'[Yuji] is a character so well realised as to engage all of our sympathies' (Peter Carty, Independent
'A revelatory perspective on an Eastern city in the second world war . . .The prose is as delicate as a Japanese print' (David Grylls, Sunday Times
'Not only does he combine delicious literary conceits with thought-provoking explorations into the human condition, he has the rare gift of tossing out perfect sentences that make you stop in your tracks' (Claire Allfree, Metro
'Miller's delicate prose most closely recalls the tone of emotional restraint in Kazuo Ishiguro's early novels . . . Crisply defined characters offer a foil to Yuji's progressive ruminations, which Miller deftly coheres into a typically bittersweet resolution.' (James Urquhart, Independent on Sunday
'The frank simplicity of Miller's prose, and his search for truth in the reality of the quotidian feels (to this Western reader) convincingly Japanese. Miller places his words and plot developments carefully, like the smooth grey pebbles of a Zen garden, with all but the most essential adjectives weathered away. There are moments of beauty, truth and irony.' (Helen Brown, Daily Telegraph
'Deeply moving, written with loving attention to language, it felt like Pasternak back from the dead.' (Tom Adair, Scotsman
'Detail by delicate detail Miller conjures Yuji's dim, mysterious world of gradual dissolution." (Natalie Sandison, The Times
'Miller's Japanese characters are densely believable, and his recreation of their world is a real achievement' (Christopher Tayler, Guardian
'Miller's writing is cinematic; it has a heightened visual sense and it shifts smoothly from dialogue to mood to location. At all times the author is in command' (TLS
'A quite beautifully written coming-of-age novel with a completely convincing Japanese hero and a precisely, lovingly rendered evocation of imperial Japan' (Harry Ritchie, Daily Mail
From the Author
I have long had some curious affinity with Japan. I cannot remember exactly when it started, or how. Was it when, as a young schoolboy, I clambered into the hands of a giant bronze Buddha in the grounds of a London museum? However it began, I became a haphazard Japanophile, and in 1994 I went to live there, finding it as rich in contradictions as anywhere else on the map. My home was on the edge of that sprawling megalopolis that is modern Tokyo, a frustrating, exhilarating city, its style a kind of Blade Runner Gothic. It is, I think, a very different place to the 1940 Tokyo Yuji Takano uneasily inhabits in One Morning Like a Bird. American bombers and Japanese town planners have done their work with great thoroughness. Even the broad and sometimes treacherous Sumida river, a place celebrated in countless poems and stories, is all but buried under concrete now.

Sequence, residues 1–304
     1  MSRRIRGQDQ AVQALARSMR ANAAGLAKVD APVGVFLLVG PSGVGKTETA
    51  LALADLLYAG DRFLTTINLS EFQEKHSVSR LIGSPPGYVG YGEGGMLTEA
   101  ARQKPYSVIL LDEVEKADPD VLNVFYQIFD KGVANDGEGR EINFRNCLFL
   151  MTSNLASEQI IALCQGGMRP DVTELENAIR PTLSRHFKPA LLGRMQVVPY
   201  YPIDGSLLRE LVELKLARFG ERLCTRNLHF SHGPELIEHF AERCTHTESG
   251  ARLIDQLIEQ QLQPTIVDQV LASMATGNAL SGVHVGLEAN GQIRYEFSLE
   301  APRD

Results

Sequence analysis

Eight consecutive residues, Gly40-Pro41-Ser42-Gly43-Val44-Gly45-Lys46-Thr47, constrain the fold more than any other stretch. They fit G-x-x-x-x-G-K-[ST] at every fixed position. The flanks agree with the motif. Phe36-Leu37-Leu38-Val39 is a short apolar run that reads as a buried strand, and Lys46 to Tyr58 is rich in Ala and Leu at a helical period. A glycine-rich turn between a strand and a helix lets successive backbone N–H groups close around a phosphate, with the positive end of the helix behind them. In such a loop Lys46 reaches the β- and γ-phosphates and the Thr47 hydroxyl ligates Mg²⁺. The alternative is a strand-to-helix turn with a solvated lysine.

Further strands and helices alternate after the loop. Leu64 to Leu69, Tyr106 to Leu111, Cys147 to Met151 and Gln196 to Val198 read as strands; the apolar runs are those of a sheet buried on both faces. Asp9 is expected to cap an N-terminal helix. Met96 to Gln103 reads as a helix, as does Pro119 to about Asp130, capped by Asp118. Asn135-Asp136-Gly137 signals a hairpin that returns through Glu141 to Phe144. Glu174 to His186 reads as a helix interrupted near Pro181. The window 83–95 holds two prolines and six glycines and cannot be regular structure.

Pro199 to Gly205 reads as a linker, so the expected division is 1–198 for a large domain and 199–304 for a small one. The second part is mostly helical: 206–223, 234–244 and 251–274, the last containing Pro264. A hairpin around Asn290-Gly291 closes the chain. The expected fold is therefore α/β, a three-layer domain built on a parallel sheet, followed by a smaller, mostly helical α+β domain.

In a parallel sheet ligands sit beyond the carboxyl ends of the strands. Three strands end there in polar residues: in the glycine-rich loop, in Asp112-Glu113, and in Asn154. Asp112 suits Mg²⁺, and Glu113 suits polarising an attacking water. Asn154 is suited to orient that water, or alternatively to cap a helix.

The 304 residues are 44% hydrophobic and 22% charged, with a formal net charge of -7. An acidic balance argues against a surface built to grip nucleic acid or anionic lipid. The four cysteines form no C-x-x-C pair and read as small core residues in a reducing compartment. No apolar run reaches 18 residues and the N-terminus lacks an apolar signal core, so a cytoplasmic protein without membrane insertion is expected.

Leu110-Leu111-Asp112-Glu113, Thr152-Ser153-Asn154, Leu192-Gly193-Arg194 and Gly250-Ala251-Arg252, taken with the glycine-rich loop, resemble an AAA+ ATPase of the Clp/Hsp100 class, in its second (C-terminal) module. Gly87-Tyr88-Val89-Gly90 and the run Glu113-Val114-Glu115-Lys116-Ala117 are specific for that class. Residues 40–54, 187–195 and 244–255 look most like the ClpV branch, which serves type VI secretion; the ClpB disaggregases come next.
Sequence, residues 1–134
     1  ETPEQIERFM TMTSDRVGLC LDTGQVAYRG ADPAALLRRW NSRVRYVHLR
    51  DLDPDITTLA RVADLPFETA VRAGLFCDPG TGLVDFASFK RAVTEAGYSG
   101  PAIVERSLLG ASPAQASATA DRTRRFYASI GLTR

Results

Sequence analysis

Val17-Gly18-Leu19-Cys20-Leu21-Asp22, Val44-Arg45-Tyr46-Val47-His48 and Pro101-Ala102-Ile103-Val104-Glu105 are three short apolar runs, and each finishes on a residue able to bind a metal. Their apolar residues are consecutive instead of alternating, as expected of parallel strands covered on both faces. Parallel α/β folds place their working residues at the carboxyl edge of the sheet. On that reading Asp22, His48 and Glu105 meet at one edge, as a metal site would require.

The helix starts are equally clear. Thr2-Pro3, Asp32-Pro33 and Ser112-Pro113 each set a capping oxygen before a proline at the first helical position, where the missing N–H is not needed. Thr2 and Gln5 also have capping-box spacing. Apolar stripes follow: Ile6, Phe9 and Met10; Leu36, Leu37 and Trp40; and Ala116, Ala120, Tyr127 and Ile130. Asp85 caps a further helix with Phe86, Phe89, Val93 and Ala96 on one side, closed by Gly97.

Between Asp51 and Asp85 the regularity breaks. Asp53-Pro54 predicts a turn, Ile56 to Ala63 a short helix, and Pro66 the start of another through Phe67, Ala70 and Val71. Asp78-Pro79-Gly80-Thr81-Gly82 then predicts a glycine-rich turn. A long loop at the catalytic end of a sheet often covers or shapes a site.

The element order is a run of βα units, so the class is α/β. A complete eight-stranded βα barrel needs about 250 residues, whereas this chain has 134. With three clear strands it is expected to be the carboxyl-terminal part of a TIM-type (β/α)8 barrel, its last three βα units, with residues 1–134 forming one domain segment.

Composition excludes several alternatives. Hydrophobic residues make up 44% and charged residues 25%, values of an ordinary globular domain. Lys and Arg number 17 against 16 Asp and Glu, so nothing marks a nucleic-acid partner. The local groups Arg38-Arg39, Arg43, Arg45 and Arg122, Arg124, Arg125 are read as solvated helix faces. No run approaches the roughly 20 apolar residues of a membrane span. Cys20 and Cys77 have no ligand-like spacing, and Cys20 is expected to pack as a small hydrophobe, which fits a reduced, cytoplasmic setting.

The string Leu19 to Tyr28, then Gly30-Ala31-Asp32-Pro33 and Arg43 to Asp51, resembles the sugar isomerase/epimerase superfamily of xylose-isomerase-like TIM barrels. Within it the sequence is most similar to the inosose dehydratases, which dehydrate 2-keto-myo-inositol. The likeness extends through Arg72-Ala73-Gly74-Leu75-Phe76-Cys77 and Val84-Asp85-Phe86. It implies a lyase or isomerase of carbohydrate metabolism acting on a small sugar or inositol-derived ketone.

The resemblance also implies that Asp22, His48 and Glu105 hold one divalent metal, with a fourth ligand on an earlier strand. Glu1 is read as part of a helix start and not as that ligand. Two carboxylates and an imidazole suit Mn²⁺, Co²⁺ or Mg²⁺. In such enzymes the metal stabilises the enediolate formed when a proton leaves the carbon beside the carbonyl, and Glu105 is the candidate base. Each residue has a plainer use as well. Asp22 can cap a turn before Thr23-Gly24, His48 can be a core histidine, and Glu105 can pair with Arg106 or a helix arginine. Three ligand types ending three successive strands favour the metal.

Writing the novel, I sought to recreate pre-1945 Tokyo from books and photographs and films. There were moments when I was struck by the sheer oddness and difficulty of what I was doing. Not only was the story set in Japan but the action is seen exclusively from a Japanese perspective. I remembered, however, a similar unease when writing Ingenious Pain, and facing the problem of entering the experience of a man living in the mid-eighteenth century. Was Yuji's world more foreign to me than that? It might conceivably be less so. And what is more fundamental to the practice of fiction than the belief that all of us share some common material, something that remains impervious to cultural difference, or to differences of gender and age? Writing is a tool of curiosity. I wanted to find out how it felt to be Yuji Takano. I wanted to live as a young Japanese poet. I wanted to be twenty-five again!
I started the book in the months before my daughter's birth. Pregnancy, birth, babyhood, parenthood, all quickly assumed an importance I had not entirely planned for. Children toddled or crawled or skipped into the manuscript as though the text's surface was full of half-open doors. Yuji, self-regarding, and imagining himself to be some sort of Asian Arthur Rimbaud, is totally unprepared for them. I thoroughly enjoyed his discomfort; it was, of course, the mirror to my own.
It is January 2008 as I write this, and wet as a Japanese June. My daughter and the novel have passed their third birthdays. The child is pretty much perfect, the novel very much not so. I encourage myself with the thought that imperfection, like asymmetry, is part of the Japanese aesthetic, though who that will convince, Heaven knows. It is time, however, to get onto my creaking knees, and with much formality, and a deep bow, to slide the book across the mats towards whoever that is sitting there so patiently in the shadows...
--This text refers to an out of print or unavailable edition of this title.